Seoul American, ASIJ capture titles
CAMP FOSTER, Okinawa – His forwards weary from making run after run late in regulation time, coach Steve Boyd sent David Voelker, who’d rested much of the second half, into the match and encouraged him to “make a difference.”
He did exactly that, knocking in a free kick from 50 yards out by Peter O’Grady three minutes into the second overtime, lifting Seoul American to its school-first Far East Boys Division I Soccer Tournament title, 1-0, over host Kubasaki on Friday at Kubasaki’s Mike Petty Stadium.
“I knew if we could get fresh legs in there, it would make a difference, and sure enough, David was just in the right place at the right time and made a difference,” Boyd said.
“I was thinking, I had to put it as much on net as I could and I did, and somebody got to it, luckily, and that’s all I could ask for,” O’Grady said.
The goal capped a hammer-and-tongs battle between two quick, physical squads that relentlessly ran up and down the field, trading any number of chances. Kubasaki keeper Cristian Rivera stopped nine shots and Seoul American’s Kenneth Butts 15.
As a school, Seoul American won its third Far East Division I Tournament title, along with three runner-up finishes, best in the Pacific this school year. Boyd credited the midfield, players like O’Grady and tournament MVP Josh Chung, for the team’s success.
“It’s the best midfield we’ve had since I’ve been in Seoul” said Boyd, who arrived in 2001. “I knew we’d reached a certain point because we were playing so well with our passes; it just took all season long for us to get it down. We just couldn’t seem to get it for an entire game. And we finally started doing it.”
Boyd also credited the strength of the Korean-American Interscholastic Activities Conference Division I, which this season featured six teams that could have won the postseason tournament, Boyd said.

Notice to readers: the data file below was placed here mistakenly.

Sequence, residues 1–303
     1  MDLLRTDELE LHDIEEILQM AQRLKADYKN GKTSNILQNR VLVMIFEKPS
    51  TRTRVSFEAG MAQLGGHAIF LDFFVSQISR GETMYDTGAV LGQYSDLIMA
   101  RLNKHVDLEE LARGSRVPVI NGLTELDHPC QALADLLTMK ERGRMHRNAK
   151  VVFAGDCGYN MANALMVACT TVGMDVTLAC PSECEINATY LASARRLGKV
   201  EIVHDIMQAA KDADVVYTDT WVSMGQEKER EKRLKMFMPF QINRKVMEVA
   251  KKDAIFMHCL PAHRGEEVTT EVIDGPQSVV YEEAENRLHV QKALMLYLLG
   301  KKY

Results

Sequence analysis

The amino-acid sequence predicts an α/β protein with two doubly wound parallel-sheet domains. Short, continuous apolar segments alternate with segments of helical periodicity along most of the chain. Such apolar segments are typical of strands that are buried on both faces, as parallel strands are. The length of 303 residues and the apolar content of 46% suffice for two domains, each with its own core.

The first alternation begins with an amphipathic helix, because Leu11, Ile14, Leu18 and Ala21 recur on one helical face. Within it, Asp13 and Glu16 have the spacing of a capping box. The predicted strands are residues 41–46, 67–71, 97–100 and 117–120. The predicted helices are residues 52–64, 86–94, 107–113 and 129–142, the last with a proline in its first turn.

“There can’t be a tougher conference than KAIAC,” he said. “Wednesdays, Thursdays and Fridays amongst those top six, anything could happen.”
Boyd became the first coach in Pacific high school sports history to win three DODDS Pacific Far East Tournament titles in three sports in three seasons. He has two cross country and three basketball titles to his credit.
ASIJ girls top Kubasaki, 1-0On the girls’ side, senior Birke Duerloo’s career ended the way it began, with her American School In Japan Mustangs beating host Kubasaki, 1-0, in the Girls Division I Tournament final. Duerloo’s Mustangs edged the Dragons by the same score at Yokota on May 23, 2008, when she was a freshman.
And very much like that 2008 final, Friday’s lone goal came on a shot from deep. Katie Helwick made a long run down the left side, then lofted a shot from 25 yards that arced over Dragons goalkeeper Rimika Ortiz and tucked into the lower right corner in the 39th minute. ASIJ’s defense made it stand.
“I didn’t imagine ever going to the finals with this team because it was so new,” Duerloo said of an ASIJ squad featuring six freshmen. “But I’m proud of myself, I’m proud of my team and thankful for four years of soccer.”
Kubasaki assailed ASIJ keeper Hannah Siegel throughout the second half, hitting two crossbars and one post, but couldn’t break through.
“All the credit to ASIJ,” Dragons coach Shawn Green said. “They deserved it. They earned it. Sometimes, the ball doesn’t bounce your way. If we play them again, it might swing the other way. We’re that evenly matched.”
Friday was the first time that Kubasaki had both its teams in the Far East finals since 2008, when the boys won and the girls lost, and the first time since 2004 that both Dragons teams lost Far East finals.
Kadena student-journalists Stephanie Mobley, Zabrina Comia, Alex Zermeno and Avery Lennard and Kubasaki student-journalists Angelina Furusho, Tammi Ragan, Miasha Nakahara, Averi Coppa, Brandon Sheldrake, Sonora Willeford, Tiajha Nakahara and Allani Alvarado contributed to this report.